Grazie, Signore Machiavelli-“

He interrupted again to explain assessing one’s opponents: “Because there are three classes of intellects: one which comprehends by itself; another which appreciates what others comprehend; and a third which neither comprehends by itself nor by the showing of others; the first is the most excellent, the second is good, the third is useless.”

“One of the critical stages of the game, I imagine, as in war, now, and in your times is the ‘opening’. The first movements, and alliance augur the game’s outcome,” I said. “What advice would you have for the opening moves?”

I could see that the gentleman would have been a fine role-player. His grasp of the history he had lived through and saw him lose himself in thought. “It was so very early when we met this morning. May I ask you, just out of curiosity: Did you attend Mass?”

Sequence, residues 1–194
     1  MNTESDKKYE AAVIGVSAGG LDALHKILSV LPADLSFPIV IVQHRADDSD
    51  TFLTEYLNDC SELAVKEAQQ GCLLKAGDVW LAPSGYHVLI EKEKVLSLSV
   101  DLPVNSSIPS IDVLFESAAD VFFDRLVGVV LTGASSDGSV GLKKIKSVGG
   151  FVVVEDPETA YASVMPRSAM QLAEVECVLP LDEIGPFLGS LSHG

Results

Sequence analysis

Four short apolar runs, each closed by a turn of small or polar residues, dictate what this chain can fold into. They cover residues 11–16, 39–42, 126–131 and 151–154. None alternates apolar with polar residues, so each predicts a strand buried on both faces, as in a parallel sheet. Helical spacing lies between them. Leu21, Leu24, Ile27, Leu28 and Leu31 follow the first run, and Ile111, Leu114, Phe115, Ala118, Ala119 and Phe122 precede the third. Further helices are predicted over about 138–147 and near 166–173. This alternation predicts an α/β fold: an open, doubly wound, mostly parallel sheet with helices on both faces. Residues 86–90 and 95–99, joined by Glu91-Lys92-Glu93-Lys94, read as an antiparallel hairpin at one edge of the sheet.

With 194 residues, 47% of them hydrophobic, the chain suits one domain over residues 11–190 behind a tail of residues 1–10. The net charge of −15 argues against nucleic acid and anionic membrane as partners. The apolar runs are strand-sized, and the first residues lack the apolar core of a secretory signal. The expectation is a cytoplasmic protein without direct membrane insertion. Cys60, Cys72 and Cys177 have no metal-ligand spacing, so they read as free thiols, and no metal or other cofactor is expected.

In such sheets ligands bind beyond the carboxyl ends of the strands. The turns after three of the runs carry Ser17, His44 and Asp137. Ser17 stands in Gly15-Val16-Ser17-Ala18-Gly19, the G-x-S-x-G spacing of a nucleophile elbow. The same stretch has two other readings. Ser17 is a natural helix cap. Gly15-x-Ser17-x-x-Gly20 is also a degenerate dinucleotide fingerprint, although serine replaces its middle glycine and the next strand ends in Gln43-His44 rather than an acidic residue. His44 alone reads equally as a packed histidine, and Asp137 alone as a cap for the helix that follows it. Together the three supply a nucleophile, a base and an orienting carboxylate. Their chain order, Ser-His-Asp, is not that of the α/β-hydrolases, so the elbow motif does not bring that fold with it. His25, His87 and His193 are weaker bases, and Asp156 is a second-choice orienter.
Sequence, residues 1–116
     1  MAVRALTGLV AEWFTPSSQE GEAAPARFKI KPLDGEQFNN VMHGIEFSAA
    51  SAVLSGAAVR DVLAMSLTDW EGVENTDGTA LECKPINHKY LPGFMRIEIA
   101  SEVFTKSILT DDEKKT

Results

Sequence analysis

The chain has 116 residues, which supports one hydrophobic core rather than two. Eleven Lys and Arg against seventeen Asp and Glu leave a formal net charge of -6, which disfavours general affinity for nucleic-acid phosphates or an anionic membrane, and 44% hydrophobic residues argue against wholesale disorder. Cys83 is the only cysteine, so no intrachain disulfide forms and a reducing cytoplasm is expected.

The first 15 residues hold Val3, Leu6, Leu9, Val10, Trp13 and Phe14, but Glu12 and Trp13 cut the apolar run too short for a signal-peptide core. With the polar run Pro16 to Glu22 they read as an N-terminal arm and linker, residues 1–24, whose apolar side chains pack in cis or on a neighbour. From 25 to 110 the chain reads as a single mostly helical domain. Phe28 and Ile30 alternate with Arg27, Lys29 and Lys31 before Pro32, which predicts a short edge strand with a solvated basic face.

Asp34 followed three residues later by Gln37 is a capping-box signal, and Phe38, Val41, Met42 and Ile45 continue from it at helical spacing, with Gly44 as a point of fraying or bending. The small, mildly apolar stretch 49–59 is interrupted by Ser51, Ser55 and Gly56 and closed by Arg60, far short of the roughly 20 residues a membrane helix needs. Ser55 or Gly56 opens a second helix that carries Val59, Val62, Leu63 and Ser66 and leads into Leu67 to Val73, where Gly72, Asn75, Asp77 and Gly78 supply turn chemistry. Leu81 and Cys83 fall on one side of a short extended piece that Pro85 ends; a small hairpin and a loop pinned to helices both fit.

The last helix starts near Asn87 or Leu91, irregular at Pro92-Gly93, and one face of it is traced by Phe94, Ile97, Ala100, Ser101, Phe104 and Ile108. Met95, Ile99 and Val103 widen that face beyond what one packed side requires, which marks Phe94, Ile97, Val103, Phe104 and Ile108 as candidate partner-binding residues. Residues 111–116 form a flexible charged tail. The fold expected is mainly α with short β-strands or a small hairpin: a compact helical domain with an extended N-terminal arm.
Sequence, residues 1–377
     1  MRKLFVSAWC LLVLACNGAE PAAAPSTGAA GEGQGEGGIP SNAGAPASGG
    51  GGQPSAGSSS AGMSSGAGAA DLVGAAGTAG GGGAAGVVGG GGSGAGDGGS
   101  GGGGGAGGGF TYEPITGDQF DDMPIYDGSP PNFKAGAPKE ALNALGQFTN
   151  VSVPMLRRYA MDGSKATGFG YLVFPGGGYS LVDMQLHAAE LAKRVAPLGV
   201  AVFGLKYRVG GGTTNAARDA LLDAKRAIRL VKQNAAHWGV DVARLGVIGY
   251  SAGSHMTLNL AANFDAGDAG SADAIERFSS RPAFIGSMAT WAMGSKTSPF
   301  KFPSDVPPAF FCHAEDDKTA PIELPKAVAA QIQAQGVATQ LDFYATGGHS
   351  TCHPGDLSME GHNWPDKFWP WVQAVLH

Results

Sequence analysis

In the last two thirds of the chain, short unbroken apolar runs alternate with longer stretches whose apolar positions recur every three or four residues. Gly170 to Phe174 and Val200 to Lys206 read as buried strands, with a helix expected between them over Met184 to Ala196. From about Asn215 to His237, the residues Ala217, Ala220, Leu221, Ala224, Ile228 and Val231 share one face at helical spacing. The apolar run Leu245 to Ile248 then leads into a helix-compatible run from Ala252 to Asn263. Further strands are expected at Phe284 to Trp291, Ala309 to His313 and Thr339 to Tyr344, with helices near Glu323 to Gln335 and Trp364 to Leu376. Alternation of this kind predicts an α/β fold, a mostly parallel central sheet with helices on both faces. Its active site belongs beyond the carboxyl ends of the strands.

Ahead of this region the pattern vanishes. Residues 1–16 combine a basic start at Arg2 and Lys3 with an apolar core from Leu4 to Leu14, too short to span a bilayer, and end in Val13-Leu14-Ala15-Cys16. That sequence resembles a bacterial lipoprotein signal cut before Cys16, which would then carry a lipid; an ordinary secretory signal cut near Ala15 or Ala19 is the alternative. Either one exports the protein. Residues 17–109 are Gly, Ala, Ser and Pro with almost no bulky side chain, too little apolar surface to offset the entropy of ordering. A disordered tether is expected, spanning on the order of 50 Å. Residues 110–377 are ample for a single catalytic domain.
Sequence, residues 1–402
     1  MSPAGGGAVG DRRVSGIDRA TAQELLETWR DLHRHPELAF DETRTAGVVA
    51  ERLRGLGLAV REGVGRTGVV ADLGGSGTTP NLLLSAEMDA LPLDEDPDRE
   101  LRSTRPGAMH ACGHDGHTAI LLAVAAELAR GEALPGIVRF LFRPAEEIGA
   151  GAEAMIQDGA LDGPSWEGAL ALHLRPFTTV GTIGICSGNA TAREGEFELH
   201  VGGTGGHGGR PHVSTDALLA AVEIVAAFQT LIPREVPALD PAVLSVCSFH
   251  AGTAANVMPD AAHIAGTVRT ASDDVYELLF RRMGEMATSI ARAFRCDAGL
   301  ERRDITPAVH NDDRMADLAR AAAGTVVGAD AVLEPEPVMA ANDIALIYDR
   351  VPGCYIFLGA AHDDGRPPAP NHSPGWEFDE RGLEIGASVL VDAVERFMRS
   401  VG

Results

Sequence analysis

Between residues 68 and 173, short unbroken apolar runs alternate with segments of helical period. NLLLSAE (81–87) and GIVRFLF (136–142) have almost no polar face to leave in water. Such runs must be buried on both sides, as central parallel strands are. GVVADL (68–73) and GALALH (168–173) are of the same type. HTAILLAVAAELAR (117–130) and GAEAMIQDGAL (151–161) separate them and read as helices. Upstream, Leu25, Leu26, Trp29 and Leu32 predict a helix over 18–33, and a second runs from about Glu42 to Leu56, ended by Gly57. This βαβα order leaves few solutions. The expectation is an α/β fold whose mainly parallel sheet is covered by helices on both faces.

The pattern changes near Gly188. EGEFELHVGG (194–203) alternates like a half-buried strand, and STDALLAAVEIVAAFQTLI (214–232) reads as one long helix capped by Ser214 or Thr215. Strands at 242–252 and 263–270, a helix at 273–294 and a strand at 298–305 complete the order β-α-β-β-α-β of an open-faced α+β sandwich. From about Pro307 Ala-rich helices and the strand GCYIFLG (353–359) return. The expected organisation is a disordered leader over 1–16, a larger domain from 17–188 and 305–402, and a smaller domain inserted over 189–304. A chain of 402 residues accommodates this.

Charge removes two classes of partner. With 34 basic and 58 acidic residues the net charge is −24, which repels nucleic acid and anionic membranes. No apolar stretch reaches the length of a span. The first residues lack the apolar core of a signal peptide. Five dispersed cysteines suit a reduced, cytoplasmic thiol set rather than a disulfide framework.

He nodded his head, “There is nothing more important than appearing to be religious.” He flicked a pastry crumb from his toga. “Everyone sees what you appear to be, few experience what you really are—”

“Are you saying, with candor, that you—“

He interrupted and advised “Appear as you wish to be.”

“You were a disciple of Christ during your days on earth?!” I exclaimed.

“… All armed prophets have succeeded and all unarmed ones have failed; for in addition to what has already been said, people are by nature changeable. “The vulgar crowd always is taken by appearances, and the world consists chiefly of the vulgar,” said the man of lean and hungry look.

“For the great majority of mankind are satisfied with appearances, as though they were realities and are often more influenced by the things that seem, than by those that are.”

I felt uncomfortable with this cynical, I thought, line of talk, and changed the subject.

“Our game seeks the formula of military prowess and the diplomatic arts to achieve success.”

He held up a hand to stop me. “A ruler… should have no other concern, no other thought, should pay attention to nothings aside from war, military institutions, and the training of his soldiers. For this is the only field in which a ruler has to excel. In time of peace he should be even more occupied with them.”